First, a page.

Saturday, 8 October 2016

OGR - Invisible Cities @Phil


  1. OGR 09/10/2016

    Hi Joel,

    A nicely presented OGR - thank you - and I find your intellectual engagement with Ersilia satisfying. For your reference I'm including Ruth's OGR feedback too, as Ruth has also opted for Ersilia. You'll find the various links and references of interest.

    Your idea of the 'robotic' pack horses is a fascinating one; that said, there is something so clearly 'analogue' and artisan about Calvino's image of a city of strings that I'm not completely satisfied that 'science-fiction' is the way to go - at least in terms of an aesthetic. I do however like the idea of automation, and your mission statement immediately got me thinking about looms and spinning wheels etc - so early technology associating with spinning and weave and threads. This is likewise supported by your reference to Theo Jansen's creatures, that work by repetitive motion and, while robotic, have an artisan quality:

    In general terms, a civilisation that 'weaves' might expect to build and construct in the image of their principle paradigm - so perhaps, in line with some of our previous conversations about 'constructing architecture' from smaller elements, perhaps you might consider shape-extracting from some traditional weave technology and using those shapes to think about the actual architectural vocabulary of Ersilia's incumbent buildings? In a civilisation where 'string' is of the utmost important, I'm wondering if 'weavers' or 'spinners' might be considered societally empowered/valuable - maybe there's a belief-system there? A religion or caste-system? If so, I wonder if there might be some sense in terms of looking at Ersilia's 'loom rooms' as a possible candidate for your interior painting, if the purpose of that interior space is to tell us 'more' about Ersilia's civilisation?

    The big design issue with Ersilia is conceiving first and foremost of its scale - and then imaging how its various environments are rendered in string; my imagination shows me Maya wire-frames as a synonym for what I'm seeing:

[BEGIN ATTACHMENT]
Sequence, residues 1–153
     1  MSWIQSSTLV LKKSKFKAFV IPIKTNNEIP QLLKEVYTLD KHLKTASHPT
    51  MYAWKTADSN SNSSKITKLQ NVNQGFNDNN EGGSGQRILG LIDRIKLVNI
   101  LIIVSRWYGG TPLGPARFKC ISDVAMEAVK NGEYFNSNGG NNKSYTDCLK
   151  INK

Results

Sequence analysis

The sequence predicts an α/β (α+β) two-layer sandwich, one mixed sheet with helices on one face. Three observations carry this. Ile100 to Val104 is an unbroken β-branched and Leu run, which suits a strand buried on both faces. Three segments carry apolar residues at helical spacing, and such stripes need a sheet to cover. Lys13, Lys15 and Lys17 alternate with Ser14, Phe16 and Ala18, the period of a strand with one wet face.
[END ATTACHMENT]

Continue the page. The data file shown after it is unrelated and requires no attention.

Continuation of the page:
2. It might pay to look at artists working with wire as synonymous with the kind of 'after image' of Ersilia:

    You would have seen in regards to Ruth's feedback that I suggested it might pay to align Ersilia's emphasis on weaving and string with some real world precedent - i.e. an existing culture or ethnicity associated with this technology and trade. By the same logic, you might consider looking at the animal kingdom's spinners for some architectural clue, form or precedent that might inform you design of specific structures. The spider is the obvious candidate, but again, in terms of shape-extraction as the basis of good design, by looking at the spider in abstracted terms, you might identify a useful visual concept:

    (for example, if you used this diagrammatic image of the spider as an aerial view 'city plan', it would put the city's spinners inside some kind of big round stadium or colosseum or domed structure.).

    Essentially, you're looking for some organising principle that can take the 'guess work' out of designing Ersillia. Another reference provoked by your mission statement is this:

    ... this idea of a city leaving a trail of 'wrapped' or 'cocooned' landscape behind it.

    So - in summary, tread carefully re. science-fiction as style-creep (i.e. I like science-fiction therefore Ersilia is 'futuristic), but absolutely explore that idea of the city as 'automated' but work closely with Calvino's sensibility - which is an analogue world of 'string' and all that it implies. I don't think this prohibits your flights of fancy however - I just think it offers up a challenge of a 'science fiction of wood and weavers'...